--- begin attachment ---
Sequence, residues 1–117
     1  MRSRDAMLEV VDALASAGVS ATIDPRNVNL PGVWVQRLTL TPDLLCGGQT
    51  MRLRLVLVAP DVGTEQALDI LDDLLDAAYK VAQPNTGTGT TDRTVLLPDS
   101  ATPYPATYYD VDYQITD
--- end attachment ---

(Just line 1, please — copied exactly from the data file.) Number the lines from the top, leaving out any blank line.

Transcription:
Sequence, residues 1–117